Skip to main content

Social Distancing: A call to action from your healthcare team

March 18, 2020

A Message to the Communities We Serve from Your Enterprise CEO, Kent Mattson

Social Distancing: A call to action from your healthcare team

Lake Region Healthcare (LRH) and Prairie Ridge Hospital and Health Services (PRHHS) are your aligned community-based healthcare organizations with locations in nine communities and who collectively serve the healthcare needs of an area roughly 80 miles by 80 miles. At this time of fast paced change and uncertainty, we are active in coordination of communication, preparedness, and response activities for COVID-19.

We are very concerned about what we are hearing from people questioning the necessity of recommendations around social distancing, isolation, work-from-home, event cancellations, school closures, and other measures taken to mitigate the threat we are facing from COVID-19. Some see these steps as overreactions and view their personal risk of contracting the virus as minimal.

To provide some clarity around this topic, our organizations are urging every individual in our communities to take action now in the short window of opportunity we have to collectively "Flatten the Curve."

Understanding the Why?

The primary goal of social distancing is not only about reducing your chance of being infected with the coronavirus. Making deliberate choices to stay away from each other is designed to slow the spread over a longer period of time so that too many people do not get ill all at once such that our ability to provide care to critically ill patients cannot meet the demand. The decisions we make as individuals in the near term (the coming days) have the potential to make a huge impact on the trajectory of COVID-19 nationally and here in our communities. We are very concerned about conserving our resources, both human and material, should social distancing efforts fail to slow the spread enough. Our health system will not be able to cope with the projected numbers of people who will need acute care if we collectively as individuals in our communities do not do our part to socially distance from each other starting now.

On a regular day, based on the information shared with us, we have about 45,000 staffed ICU beds in the United States, which can be ramped up in a crisis to about 95,000. Even moderate current projections suggest that if current infectious trends hold, our capacity (locally and nationally) may be overwhelmed as early as mid-late April. Thus, the primary strategies that can get us off this concerning trajectory are those that enable us to work together as a community to maintain public health by staying apart.*

How does it Work?

It's called "Flattening the Curve." By staying away from each other we reduce the virus' capacity to spread as quickly from person to person, thereby slowing down and spreading apart the need for healthcare resources for severe cases of COVID-19 along with the resources needed to respond to every day incidents like heart attacks, car accidents, and other emergency health needs.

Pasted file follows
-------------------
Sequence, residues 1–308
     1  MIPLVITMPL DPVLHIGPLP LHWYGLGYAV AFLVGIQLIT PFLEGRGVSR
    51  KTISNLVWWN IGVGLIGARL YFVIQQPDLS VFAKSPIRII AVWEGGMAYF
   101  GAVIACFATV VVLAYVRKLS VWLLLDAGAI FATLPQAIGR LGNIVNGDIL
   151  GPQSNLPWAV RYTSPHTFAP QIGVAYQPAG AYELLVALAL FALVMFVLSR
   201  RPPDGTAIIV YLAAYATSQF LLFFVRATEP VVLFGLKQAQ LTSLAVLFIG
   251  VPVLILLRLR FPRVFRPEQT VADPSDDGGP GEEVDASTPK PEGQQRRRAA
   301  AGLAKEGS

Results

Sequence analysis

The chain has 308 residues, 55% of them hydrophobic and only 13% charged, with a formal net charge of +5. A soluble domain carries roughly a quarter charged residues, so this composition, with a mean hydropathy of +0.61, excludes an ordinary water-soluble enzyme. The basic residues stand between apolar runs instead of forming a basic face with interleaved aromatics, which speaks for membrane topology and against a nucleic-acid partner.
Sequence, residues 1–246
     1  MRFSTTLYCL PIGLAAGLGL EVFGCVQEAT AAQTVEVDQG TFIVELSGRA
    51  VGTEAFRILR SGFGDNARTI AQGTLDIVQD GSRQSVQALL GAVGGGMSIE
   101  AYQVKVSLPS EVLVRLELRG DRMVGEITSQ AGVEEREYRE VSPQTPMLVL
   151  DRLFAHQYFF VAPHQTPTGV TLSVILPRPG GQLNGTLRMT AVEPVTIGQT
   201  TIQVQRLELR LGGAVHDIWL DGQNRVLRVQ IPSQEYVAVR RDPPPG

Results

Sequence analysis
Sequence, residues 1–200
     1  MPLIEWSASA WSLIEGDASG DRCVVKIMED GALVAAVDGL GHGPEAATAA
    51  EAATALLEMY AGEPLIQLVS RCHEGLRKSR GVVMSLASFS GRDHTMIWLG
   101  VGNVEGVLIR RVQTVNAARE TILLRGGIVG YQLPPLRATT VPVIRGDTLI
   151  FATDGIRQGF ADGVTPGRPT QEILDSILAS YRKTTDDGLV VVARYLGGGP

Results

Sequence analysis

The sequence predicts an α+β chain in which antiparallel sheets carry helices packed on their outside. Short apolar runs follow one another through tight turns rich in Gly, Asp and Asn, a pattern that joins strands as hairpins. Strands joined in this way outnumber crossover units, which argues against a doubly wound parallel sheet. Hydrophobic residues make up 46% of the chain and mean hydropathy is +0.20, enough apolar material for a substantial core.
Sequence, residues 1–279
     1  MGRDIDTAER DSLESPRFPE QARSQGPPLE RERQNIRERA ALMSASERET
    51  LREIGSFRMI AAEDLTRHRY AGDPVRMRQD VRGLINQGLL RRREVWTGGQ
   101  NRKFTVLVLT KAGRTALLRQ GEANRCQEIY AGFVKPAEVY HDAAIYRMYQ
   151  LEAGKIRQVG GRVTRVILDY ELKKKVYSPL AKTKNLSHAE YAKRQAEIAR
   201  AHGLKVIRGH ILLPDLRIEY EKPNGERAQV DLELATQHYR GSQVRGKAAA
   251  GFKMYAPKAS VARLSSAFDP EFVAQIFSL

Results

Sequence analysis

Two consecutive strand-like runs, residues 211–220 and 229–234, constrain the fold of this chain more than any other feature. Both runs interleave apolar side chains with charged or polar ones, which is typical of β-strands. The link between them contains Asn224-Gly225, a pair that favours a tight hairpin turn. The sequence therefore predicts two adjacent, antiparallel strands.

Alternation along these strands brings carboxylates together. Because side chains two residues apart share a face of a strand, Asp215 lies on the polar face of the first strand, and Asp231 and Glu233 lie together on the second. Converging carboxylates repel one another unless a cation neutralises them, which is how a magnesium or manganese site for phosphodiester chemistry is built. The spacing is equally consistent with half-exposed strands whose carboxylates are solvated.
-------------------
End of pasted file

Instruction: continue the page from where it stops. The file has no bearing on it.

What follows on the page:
Flattening the curve

The "curve" here refers to the line on a graph that rises as the number of cases of a particular infectious disease increase, then falls as that number goes down.

Flattening that curve means slowing transmission of COVID-19, the illness caused by the new coronavirus, so our communities and in turn, LRH and PRHHS, don't end up with an overwhelming number of cases all at the same time. It allows a spreading out of the cases anticipated to come to LRH and PRHHs, and buys precious time for science and industry to create new therapies, medications and hopefully, a vaccine.

Remember, the flatter, lower curve is better, but it takes all of us working together to make that happen. Here is an article that illustrates the effect well utilizing a simulation graphic.

Actions to take starting today

LRH and PRHHS are your community facilities, governed and locally controlled, and we are part of you. We recognize that cancelling and postponing events, staying at home and missing opportunity for socialization and recreation are inconvenient, annoying and disappointing. We encourage you to read this excellent article by one of our Emergency Physicians, Dr. Joe Dinsmore. As he states so well, there are costs we will all pay in the fight against this virus: "the cost of loneliness inherent in social isolation, the cost of domestic abuse victims secluded with their abuser, the cost of children of low-income families without school lunch, the cost of a retiree with an evaporated 401K. But for most, your mission in this war is quite literally "Netflix and chill," and you should binge-watch Breaking Bad (or some other show) at home like someone else's life depends on it."

At this critical moment in time, its important to listen and heed the unified advice of disease experts and public health to change how we go about our day to day live temporarily to alter the course and help Flatten the Curve. It truly Takes A Village, and we ask you to unite and support this cause!

If you have questions about whether you qualify or should get a coronavirus test, you can call your primary care team at the numbers below and/or consider calling the Minnesota Department of Public Health hotline at 651-201-3920 or 1-800-657-3903. Please don't just walk into the clinic or hospital — call first so that we can give you the best advice — which might be to go to our drive-through testing process. Of course, if it is an emergency call 911.

  • Lake Region Healthcare Fergus Falls Clinic: 218-739-2221
  • Lake Region Healthcare Fergus Falls Hospital (24 hours): 218-736-8000
  • Prairie Ridge Hospital & Health Service Elbow Lake Clinic: 218-685-7300
  • Prairie Ridge Hospital & Health Services Morris Clinic: 320-589-4008

*Source: Several data points were derived from this article:

A printable PDF of this article can be downloaded here.